By The Associated Press
RICHMOND — Dominion Energy said Tuesday it will ask the U.S. Supreme Court to hear its appeal after a federal appeals court denied a request to reconsider a ruling throwing out a permit for the Atlantic Coast Pipeline on Monday.
The 4th U.S. Circuit Court of Appeals rejected a request from lead pipeline developer Dominion Energy and the U.S. Forest Service to hold a full-court rehearing.
The pipeline would have crossed two national forests, including parts of the Appalachian Trail.
Dominion said it expects to file an appeal in the next 90 days.
A three-judge panel ruled in December that the Forest Service lacks the authority to authorize the trail crossing and had “abdicated its responsibility to preserve national forest resources” when it approved the pipeline crossing the George Washington and Monongahela National Forests, as well as a right-of-way across the Appalachian Trial.
The 605-mile (974-kilometer) natural gas pipeline would originate in West Virginia and run through North Carolina and Virginia.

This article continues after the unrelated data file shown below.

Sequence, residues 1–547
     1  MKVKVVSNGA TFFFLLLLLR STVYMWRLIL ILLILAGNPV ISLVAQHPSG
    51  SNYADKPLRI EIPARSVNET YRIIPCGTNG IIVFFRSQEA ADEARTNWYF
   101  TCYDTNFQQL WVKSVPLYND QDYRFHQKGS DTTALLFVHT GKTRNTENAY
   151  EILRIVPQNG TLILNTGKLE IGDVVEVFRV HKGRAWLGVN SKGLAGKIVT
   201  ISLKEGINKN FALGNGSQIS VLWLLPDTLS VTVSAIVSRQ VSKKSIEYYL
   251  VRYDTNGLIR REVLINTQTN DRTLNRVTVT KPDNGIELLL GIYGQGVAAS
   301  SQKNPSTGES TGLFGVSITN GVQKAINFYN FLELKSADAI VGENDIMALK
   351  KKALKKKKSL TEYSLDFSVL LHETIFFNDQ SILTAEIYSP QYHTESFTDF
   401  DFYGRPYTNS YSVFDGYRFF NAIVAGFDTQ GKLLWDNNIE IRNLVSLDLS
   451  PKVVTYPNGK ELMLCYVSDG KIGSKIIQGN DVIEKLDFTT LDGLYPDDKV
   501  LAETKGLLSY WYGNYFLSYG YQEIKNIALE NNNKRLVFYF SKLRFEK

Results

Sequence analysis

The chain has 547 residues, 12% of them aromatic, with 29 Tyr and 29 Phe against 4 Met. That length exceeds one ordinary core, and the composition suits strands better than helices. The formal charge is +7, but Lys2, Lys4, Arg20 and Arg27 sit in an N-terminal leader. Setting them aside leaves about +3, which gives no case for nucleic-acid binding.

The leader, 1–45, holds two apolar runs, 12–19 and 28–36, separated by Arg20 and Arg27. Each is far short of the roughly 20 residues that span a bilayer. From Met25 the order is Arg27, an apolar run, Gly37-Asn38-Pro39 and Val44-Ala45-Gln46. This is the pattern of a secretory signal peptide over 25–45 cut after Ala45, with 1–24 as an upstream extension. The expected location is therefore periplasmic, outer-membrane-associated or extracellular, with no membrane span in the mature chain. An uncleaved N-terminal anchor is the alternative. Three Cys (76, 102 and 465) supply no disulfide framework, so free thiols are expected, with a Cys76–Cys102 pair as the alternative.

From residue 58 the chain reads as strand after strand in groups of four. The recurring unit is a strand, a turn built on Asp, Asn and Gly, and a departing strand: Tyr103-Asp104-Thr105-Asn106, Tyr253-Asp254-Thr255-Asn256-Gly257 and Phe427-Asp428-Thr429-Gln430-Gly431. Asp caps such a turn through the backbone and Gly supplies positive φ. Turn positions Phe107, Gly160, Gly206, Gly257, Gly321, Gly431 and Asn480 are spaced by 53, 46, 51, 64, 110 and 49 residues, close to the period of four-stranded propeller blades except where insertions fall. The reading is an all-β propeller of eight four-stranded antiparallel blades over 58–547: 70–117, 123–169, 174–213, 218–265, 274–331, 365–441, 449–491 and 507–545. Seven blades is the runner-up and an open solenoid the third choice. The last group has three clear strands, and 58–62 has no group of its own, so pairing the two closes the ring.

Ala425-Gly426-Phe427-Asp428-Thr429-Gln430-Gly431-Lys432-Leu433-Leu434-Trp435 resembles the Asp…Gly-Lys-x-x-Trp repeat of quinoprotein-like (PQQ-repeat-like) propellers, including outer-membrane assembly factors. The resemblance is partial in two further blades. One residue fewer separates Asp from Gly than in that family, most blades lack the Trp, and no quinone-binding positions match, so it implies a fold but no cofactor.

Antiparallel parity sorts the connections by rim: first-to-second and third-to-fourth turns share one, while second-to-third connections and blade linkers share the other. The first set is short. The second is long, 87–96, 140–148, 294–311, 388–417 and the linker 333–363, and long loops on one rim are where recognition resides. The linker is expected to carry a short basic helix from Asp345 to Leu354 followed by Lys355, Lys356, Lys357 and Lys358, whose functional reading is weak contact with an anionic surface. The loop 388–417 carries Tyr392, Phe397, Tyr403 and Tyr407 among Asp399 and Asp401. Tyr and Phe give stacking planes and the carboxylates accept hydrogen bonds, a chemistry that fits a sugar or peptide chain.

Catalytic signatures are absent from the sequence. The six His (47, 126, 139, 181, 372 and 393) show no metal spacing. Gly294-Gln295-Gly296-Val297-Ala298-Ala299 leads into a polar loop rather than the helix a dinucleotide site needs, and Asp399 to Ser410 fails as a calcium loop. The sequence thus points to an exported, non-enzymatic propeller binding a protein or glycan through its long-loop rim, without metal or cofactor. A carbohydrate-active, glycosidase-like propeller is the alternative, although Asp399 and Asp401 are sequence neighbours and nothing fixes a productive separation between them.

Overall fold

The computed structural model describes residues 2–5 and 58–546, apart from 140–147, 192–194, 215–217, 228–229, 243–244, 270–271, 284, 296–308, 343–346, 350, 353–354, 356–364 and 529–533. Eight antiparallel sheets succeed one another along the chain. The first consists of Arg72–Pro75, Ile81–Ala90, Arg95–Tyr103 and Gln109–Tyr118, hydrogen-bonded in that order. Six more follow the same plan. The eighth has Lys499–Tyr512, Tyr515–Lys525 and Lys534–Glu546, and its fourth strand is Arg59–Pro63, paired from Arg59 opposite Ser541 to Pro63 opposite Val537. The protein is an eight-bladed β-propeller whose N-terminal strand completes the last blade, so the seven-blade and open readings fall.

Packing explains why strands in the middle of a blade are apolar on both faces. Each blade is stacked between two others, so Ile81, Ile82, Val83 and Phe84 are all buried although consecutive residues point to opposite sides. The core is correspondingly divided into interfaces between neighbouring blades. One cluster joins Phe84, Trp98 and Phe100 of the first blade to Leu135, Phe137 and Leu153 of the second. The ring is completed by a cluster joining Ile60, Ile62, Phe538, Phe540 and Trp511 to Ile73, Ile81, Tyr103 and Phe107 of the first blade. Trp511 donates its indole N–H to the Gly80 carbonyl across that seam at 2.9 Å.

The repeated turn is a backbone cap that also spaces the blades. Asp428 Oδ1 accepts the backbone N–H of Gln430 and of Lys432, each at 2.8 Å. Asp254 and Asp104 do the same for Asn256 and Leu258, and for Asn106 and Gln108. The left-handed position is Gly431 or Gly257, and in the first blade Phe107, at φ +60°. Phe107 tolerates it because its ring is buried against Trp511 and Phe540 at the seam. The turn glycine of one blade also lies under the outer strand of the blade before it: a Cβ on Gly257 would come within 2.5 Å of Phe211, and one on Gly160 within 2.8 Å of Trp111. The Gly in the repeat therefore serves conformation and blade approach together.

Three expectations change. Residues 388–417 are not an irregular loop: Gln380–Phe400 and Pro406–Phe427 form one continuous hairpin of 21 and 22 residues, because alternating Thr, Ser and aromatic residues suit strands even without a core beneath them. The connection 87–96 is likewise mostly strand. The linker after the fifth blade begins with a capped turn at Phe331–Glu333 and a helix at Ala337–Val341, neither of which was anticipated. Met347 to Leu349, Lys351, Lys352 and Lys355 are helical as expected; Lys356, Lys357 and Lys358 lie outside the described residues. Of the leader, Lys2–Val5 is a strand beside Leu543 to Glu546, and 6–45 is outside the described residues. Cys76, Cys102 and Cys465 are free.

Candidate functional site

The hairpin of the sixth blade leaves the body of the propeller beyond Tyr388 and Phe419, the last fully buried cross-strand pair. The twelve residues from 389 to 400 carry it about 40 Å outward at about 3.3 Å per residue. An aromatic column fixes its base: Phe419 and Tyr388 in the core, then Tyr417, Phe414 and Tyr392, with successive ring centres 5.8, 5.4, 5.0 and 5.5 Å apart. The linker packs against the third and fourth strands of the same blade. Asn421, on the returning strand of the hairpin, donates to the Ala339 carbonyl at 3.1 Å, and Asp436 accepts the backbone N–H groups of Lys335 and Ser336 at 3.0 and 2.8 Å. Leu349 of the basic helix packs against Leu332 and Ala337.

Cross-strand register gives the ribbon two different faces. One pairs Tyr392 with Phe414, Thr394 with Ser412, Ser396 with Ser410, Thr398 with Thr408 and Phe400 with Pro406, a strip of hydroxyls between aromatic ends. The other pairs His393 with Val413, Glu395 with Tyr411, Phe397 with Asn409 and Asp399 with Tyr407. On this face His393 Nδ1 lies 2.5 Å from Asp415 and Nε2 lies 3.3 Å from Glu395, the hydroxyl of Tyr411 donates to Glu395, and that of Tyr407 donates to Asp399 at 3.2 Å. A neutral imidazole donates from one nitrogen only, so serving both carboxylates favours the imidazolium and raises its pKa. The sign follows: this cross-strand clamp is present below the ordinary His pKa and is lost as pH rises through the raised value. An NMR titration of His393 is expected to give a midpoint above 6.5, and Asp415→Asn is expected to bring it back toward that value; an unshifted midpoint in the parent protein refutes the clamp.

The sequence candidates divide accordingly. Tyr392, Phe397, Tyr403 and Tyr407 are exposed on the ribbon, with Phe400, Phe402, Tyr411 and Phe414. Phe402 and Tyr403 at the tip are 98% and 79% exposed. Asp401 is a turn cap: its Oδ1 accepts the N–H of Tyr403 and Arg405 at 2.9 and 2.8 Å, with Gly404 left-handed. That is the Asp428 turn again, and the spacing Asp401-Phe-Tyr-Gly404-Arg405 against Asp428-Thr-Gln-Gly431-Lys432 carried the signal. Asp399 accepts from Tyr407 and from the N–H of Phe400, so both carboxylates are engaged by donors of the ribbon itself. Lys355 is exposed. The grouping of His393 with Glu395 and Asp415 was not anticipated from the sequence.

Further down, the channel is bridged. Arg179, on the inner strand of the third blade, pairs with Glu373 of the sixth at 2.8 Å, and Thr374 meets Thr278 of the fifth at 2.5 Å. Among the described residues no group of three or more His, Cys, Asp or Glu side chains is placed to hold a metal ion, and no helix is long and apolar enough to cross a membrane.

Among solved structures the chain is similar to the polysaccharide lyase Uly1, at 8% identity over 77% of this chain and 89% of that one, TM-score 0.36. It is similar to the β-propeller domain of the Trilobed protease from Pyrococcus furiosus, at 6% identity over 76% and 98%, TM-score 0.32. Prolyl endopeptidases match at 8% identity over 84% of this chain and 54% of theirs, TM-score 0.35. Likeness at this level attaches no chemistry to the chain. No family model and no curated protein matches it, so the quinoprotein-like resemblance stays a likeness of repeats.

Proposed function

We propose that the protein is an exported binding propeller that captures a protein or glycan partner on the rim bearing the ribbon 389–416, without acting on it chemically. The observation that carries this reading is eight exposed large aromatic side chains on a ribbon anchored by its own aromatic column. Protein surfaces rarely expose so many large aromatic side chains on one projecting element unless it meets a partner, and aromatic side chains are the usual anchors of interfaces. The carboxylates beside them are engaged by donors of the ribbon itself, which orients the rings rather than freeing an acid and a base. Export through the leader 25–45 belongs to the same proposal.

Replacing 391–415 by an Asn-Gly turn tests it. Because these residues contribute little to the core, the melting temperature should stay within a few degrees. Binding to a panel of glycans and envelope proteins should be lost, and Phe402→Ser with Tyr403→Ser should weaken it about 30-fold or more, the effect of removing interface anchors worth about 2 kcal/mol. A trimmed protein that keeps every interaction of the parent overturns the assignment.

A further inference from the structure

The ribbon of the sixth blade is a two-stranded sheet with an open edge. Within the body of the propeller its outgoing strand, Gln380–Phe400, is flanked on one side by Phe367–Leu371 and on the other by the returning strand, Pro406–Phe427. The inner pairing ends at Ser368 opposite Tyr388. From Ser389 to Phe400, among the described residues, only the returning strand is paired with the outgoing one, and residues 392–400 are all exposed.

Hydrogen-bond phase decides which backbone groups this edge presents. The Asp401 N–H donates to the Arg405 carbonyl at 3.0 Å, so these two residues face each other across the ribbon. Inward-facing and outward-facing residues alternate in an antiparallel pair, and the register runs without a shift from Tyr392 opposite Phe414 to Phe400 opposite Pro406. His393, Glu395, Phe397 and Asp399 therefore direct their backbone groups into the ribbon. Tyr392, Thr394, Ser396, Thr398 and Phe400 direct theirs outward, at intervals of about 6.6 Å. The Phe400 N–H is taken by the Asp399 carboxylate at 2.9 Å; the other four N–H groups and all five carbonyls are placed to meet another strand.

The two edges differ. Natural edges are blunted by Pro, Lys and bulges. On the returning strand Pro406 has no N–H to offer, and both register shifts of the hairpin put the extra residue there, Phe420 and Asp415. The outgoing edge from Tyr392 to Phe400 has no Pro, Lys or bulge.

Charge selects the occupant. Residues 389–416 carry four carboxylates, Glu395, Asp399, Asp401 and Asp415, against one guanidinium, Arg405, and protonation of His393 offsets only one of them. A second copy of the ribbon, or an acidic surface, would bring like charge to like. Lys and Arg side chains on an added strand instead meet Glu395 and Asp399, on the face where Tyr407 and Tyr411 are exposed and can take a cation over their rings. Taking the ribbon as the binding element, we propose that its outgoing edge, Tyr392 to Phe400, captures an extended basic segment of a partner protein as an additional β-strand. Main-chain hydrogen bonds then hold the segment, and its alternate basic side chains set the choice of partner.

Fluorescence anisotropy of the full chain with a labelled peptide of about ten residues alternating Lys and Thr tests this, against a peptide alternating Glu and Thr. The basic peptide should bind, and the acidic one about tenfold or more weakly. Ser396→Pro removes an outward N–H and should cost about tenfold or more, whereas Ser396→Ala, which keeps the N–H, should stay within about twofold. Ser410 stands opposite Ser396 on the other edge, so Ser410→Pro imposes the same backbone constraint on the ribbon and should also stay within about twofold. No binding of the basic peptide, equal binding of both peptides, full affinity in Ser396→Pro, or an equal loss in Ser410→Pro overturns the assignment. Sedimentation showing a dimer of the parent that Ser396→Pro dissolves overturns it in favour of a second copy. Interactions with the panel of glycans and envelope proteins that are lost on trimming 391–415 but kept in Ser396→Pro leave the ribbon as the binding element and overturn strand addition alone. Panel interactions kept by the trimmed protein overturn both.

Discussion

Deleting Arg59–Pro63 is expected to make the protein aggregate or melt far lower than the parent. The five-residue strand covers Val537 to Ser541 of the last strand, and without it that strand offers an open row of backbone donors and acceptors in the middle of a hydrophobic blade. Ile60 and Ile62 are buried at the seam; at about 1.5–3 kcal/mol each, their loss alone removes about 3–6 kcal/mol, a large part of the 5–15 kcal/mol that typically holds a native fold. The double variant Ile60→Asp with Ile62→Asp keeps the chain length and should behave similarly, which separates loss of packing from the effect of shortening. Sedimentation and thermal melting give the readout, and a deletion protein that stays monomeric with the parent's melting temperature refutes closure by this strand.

The appellate ruling came in a lawsuit filed by the Southern Environmental Law Center on behalf of the Sierra Club, Virginia Wilderness Committee and other environmental groups. The denial “sends the Atlantic Coast Pipeline back to the drawing board,” the law center and Sierra Club said in a joint statement on Monday.
The groups said they believe it is impossible to build the pipeline “without causing massive landslides and threatening the Appalachian Trail and our clean water.”
After the ruling in December, Dominion Energy spokesman Aaron Ruby said the court’s ruling was “at odds” with the U.S. Department of the Interior, the U.S. Department of Agriculture, National Park Service and U.S. Forest Service.
“All of these agencies agree that the Forest Service has the full legal authority to approve the Atlantic Coast Pipeline’s crossing of the Appalachian Trail,” Ruby said.
Dominion said it is pursuing “legislative and administrative options” in addition to seeking Supreme Court review.
“We are confident that the U.S. Departments of Interior and Agriculture have the authority to resolve the Appalachian Trail crossing issue administratively in a manner that satisfies the Court’s stated objection,” the company said in its statement.
Dominion said it believes the issue can be resolved in time to allow partial construction work to resume later this year.